It might not be widely advertised, but making jeans is actually a very taxing process on the environment. In fact, Greenpeace reports that the average pair of jeans “takes 7000 litres of water to produce.” To put that into perspective, if the average person drinks three litres of water per day, one pair of jeans is equivalent to a person’s water intake over 2333 days.
Thankfully, there are plenty of denim brands around that are working to combat this problem and attempting to produce jeans more sustainably. Whether it is by recycling water, repurposing old fabrics, or using certified organic cotton, several brands are putting the environment at the forefront.
Additionally, there are brands that are manufacturing denim right here in London, which is a great way to reduce carbon emissions, and also labels that are empowering vulnerable people through employment. So from Outland Denim to E.L.V. Denim and Boyish Jeans, here are just a few of the brands that are working to make the denim industry more sustainable.
E.L.V. Denim produces jeans by repurposing discarded denim sourced from vintage warehouses around the UK. The brand transforms old jeans into new pairs, thereby creating a zero-waste brand, not to mention the entire process takes place right here in East London.
E.L.V. Denim The Boyfriend Frayed Two-Tone High-Rise Wide-Leg Jeans (£118)
E.L.V. Denim The Boyfriend Frayed High-Rise Wide-Leg Jeans (£315)
E.L.V. Denim The Twin Denim Shorts (£155)
Not only are Boyish Jeans created using one-third of the amount of water regular jeans use, but the brand also recycles all of its water to minimise waste. Additionally, the label also recycles all of its cutting waste, either using it to create new fabrics or recycling it for industrial use.
Boyish Jeans The Tommy Straight High-Rise Jeans (£210)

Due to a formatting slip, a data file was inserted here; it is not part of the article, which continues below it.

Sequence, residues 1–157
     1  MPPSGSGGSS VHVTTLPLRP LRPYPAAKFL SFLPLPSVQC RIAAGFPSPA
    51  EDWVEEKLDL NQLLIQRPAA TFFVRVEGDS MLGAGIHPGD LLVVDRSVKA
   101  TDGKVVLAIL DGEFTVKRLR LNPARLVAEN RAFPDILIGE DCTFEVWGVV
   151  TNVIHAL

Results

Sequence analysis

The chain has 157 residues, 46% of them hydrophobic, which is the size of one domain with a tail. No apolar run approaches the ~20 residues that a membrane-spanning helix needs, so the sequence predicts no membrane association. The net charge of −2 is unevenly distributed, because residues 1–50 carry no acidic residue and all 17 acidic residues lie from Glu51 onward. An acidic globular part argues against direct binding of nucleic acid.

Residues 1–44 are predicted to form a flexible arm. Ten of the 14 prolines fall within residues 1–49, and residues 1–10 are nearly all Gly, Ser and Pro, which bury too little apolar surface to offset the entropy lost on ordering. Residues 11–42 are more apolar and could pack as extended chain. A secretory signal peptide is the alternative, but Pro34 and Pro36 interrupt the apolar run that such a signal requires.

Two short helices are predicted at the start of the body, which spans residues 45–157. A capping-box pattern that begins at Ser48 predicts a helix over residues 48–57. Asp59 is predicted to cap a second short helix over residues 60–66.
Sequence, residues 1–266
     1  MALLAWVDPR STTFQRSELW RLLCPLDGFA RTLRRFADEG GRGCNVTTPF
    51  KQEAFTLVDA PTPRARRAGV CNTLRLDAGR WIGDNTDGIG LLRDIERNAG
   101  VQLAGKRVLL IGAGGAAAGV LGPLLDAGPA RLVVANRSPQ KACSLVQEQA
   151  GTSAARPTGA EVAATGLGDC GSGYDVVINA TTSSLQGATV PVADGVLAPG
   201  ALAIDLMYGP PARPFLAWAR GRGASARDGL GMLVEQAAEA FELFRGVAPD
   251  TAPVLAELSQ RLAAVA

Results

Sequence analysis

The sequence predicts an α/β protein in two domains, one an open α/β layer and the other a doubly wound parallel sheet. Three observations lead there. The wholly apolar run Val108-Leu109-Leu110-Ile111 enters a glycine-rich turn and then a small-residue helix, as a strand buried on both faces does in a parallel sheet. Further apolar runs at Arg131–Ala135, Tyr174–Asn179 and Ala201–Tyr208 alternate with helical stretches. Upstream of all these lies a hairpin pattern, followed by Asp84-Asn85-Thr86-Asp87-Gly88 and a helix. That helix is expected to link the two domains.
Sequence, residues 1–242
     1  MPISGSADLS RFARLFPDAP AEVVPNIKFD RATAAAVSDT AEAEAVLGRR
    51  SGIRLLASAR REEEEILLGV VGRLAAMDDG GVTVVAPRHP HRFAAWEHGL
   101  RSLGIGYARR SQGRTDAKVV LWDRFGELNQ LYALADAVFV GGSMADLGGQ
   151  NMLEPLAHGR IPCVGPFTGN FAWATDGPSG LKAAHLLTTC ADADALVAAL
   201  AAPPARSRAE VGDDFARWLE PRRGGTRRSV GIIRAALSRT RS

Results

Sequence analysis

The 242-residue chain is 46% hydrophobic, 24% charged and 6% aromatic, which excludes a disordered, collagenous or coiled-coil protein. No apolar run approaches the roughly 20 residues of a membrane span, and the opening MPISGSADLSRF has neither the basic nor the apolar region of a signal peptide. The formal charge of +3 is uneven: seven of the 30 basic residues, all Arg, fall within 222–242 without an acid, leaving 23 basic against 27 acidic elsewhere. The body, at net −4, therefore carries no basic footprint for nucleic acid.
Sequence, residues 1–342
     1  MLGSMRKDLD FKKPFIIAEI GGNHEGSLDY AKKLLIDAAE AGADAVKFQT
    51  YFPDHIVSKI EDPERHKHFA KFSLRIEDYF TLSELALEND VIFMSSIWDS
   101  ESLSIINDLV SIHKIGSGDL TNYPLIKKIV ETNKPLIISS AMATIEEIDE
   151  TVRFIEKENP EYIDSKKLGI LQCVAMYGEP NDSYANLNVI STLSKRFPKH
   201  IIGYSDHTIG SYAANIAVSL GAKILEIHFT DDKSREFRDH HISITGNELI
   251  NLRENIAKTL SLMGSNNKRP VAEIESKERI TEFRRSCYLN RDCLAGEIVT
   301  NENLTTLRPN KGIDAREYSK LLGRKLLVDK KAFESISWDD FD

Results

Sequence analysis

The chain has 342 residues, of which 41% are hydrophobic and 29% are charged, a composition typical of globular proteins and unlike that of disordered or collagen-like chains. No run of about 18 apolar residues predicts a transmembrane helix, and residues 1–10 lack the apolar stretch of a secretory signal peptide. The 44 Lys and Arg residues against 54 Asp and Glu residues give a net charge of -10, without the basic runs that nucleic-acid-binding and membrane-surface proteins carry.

Boyish Jeans The Charley High-Rise Denim Jeans (£235)
Boyish Jeans Casey Crossover High-Rise Straight Jeans (£210)
French-girl favourite Sézane completely overhauled its denim offering this year. Altering its previous production process entirely, Sézane’s new denim contains 83% fewer chemicals and uses two times less water than before. Additionally, each pair of Sézane jeans is now made from 100% Global Organic Textile Standard certified organic cotton or green, synthetic alternatives.
Sézane The Brut Sexy (£90)
Sézane The Parisien (£105)
Sézane The Perfect Slim 7/8 (£90)
Counting Meghan Markle as a fan, Australian brand Outland Denim has had ethical and sustainable practices built into its ethos from the very beginning. The brand aims to provide employment for vulnerable people of varying backgrounds and also has sustainable practices in place in order to cut down waste. Outland Denim chooses to manufacture its products in organic cotton, which uses 91% less blue water than traditional cotton.
Outland Denim Abigail High-Rise Girlfriend Jean (£180)
Outland Denim Harriet Full Length (£160)
Outland Denim High-Rise Girlfriend Jean (£200)
Each pair of jeans on M.i.h's website has a dropdown link that references sustainability. It outlines whether the cotton has come from a sustainable source and the denim has been washed using water-reducing technology. Alongside its sustainability manifesto, this is just one way the brand is aiming to be more sustainable.
M.i.h Jeans Daily Crop Jean (£215)
M.i.h Jeans Daily Straight-Leg Jeans (£150)
M.i.h Jeans Tomboy Jean (£215)
British label White Stuff has recently partnered with one of the cleanest denim factories in the world to produce a new range of sustainable denim. Each pair of jeans made only uses 0.4 litres of water (as opposed to the 1,500 litres used for traditional denim) due to the fact the factory recycles 98% of its water.
White Stuff Skinny Jean (£50)
White Stuff Straight Jean (£50)
Everlane is another brand that works with one of the world's most sustainable factories. Like White Stuff above, a range of Everlane jeans is produced using 98% recycled water in a factory which air-dries its denim to reduce carbon emissions.
Everlane The Modern Flare Jean (£71)
Everlane The ’90s Cheeky Straight Jean (£66)
Everlane The Wide Leg Jean (£66)
People Tree have had sustainability as a part of their ethos from the beginning. Their denim is made from Organic Certified Cotton which uses 87.2% less water to produce than conventional cotton.
People Tree Federica Tapered Jeans (£95)
People Tree Ariel Wide Leg Jeans (£95)
Next up, the biggest S/S 20 fashion trends you need to know.
Opening image: @bubblyaquarius
This article originally appeared on Who What Wear
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